Stoke City FC

Stoke City FC

Known to many as The Potters, Stoke City FC has been regulars in England’s top two divisions for some time now. The team may yet be set for a return to the promised land that is the Premier League very soon.

History of 
Stoke City FC

There is some disagreement on when this club was actually founded, with many thinking 1863. However, Stoke Ramblers as they were known then is definitely recorded as having been inaugurated by Henry Almond in 1868.

Having improved steadily, the club took ownership of the Victoria Ground back in 1919 and then redeveloped it to increase capacity. When Stoke-on-Trent was finally given city status in 1925, the club reflected this by changing its own title to Stoke City Football Club.

In the 1930s the great Stanley Matthews made his debut for the club. The ’40s saw disaster when 33 fans sadly died at Bolton’s Burnden Park. Eventually, the good times came on the pitch in 1946-47. A title challenge was mounted, though they just missed out to Liverpool. By 1953 they were relegated to Division Two.

The Tony Waddington era is important at 
Stoke City FC. As new manager from 1960, he guided the team to the League Cup final in 1964. The team eventually won it at Wembley in 1972.

The club moved to their new stadium in 1997 and enjoyed a good Premier League run under Tony Pulis. However, relegation from the top flight meant more investment was needed to attract the players to get back up into the big time.

Stoke’s Stadium

Stoke City’s current home is known for sponsorship reasons as the bet365 Stadium. However, the purpose-built facility has only hosted the team for the last 23 years of the club’s 150-year plus history.

Shortly after the club’s inauguration, they moved to the Victoria Ground which in its hay day had a capacity of well over 50,000. It remained the club’s home right up to 1997. Then, Stoke moved to what was known originally as the Britannia Stadium.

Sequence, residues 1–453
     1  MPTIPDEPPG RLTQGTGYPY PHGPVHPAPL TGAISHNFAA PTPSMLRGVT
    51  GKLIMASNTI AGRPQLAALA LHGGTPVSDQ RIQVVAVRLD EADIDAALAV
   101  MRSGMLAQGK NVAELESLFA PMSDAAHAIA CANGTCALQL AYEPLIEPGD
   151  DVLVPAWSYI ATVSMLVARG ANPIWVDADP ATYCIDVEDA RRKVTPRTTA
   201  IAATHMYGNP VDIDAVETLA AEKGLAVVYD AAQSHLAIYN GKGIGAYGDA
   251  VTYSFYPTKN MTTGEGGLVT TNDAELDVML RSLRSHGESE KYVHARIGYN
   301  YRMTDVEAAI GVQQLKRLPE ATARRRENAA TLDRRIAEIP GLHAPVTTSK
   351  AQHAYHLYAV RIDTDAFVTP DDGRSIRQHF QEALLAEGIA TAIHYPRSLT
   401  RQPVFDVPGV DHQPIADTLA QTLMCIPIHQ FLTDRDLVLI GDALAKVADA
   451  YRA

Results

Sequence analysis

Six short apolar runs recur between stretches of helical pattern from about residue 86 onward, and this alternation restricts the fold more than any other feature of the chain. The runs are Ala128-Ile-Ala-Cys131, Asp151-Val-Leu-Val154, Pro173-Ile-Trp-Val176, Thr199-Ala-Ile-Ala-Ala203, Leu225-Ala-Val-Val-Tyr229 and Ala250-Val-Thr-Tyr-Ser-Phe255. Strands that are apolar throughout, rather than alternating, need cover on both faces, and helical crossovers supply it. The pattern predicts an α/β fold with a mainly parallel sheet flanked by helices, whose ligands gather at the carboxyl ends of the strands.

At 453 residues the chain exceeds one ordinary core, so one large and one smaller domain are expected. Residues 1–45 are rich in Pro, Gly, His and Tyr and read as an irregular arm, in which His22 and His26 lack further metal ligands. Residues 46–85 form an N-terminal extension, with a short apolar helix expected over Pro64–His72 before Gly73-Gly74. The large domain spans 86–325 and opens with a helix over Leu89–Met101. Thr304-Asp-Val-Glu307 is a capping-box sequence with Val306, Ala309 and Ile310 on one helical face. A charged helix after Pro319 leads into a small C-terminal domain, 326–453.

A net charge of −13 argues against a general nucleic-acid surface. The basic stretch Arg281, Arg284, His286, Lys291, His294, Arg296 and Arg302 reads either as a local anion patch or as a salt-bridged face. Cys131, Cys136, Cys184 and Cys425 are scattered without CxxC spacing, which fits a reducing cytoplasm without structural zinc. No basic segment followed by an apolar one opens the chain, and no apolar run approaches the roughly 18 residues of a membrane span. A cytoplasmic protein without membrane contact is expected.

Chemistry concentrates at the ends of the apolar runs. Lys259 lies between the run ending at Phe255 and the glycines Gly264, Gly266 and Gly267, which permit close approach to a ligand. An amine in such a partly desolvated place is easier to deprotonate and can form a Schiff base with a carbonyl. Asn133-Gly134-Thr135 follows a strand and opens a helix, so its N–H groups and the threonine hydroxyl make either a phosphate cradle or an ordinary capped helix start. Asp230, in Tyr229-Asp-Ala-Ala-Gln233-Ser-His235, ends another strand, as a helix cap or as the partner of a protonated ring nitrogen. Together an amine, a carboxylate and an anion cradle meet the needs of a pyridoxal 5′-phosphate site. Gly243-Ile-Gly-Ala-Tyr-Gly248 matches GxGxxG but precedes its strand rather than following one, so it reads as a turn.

All-seater stadiums were needed by top-level English clubs following the Taylor Report. At a cost of £15million, Stoke City authorised the construction of the new ground which began during the 1996-97 season.

Due to its first sponsorship agreement, the ground was known as the Britannia Stadium and opened in August 1997.

Naming rights switched to bet365 in 2016, the betting company owned by the same family as the club itself, though due to restrictions should the club play in Europe the stadium would simply be known as the Stoke Ground.

The current capacity is 30,089 with the record attendance being 30,027 and is formed of the Boothen End, the Franklyn Stand, the Tile Mountain Stand and the OBI Stand.

Stoke’s Most Famous Players

Spanning the decades, some players to have been handed legendary status by 
Stoke City FC's fans include the likes of Frank Bowyer, John Ritchie, Eric Skeels, Alan Hudson, Jimmy Greenhoff, Neil Franklin, Freddie Steele, Denis Smith and the great Stanley Matthews.

In the modern era, most people will remember fondly some of the players to have played under Tony Pulis between 2006 and 2013, including:

  • Glenn Whelan,
  • Ryan Shawcross,
  • James Beattie,
  • Thomas Sorensen,
  • Robert Huth,
  • Rory Delap,
  • Asmir Begovic,
  • Jonathan Walters,
  • Peter Crouch and
  • Charlie Adam.

Over the last few years, The Potters have been less successful, but names such as Jack Butland, Joe Allen, Tom Ince, Bruno Martins Indi and Darren Fletcher have all remained important to the club.

Stoke’s Honours

By far the biggest honour at Stoke is their League Cup success of 1972. A 2-1 win at Wembley against Chelsea was achieved in front of nearly 98,000 people and handed the club what has proven to be their only major trophy.

In terms of lower-level cups, Stoke has been successful in the Watney Cup (1973) and the Football League Trophy (1992 & 2000), while they have also reached the final only to lose in the League Cup of 1964.

Never champions of England, Stoke major league success other than some admirable seasons in the Premier League has come via title wins in Third Division North (1927), the Division Two (third tier, 1993) and the Second Division (second tier) in 1933 and 1963.

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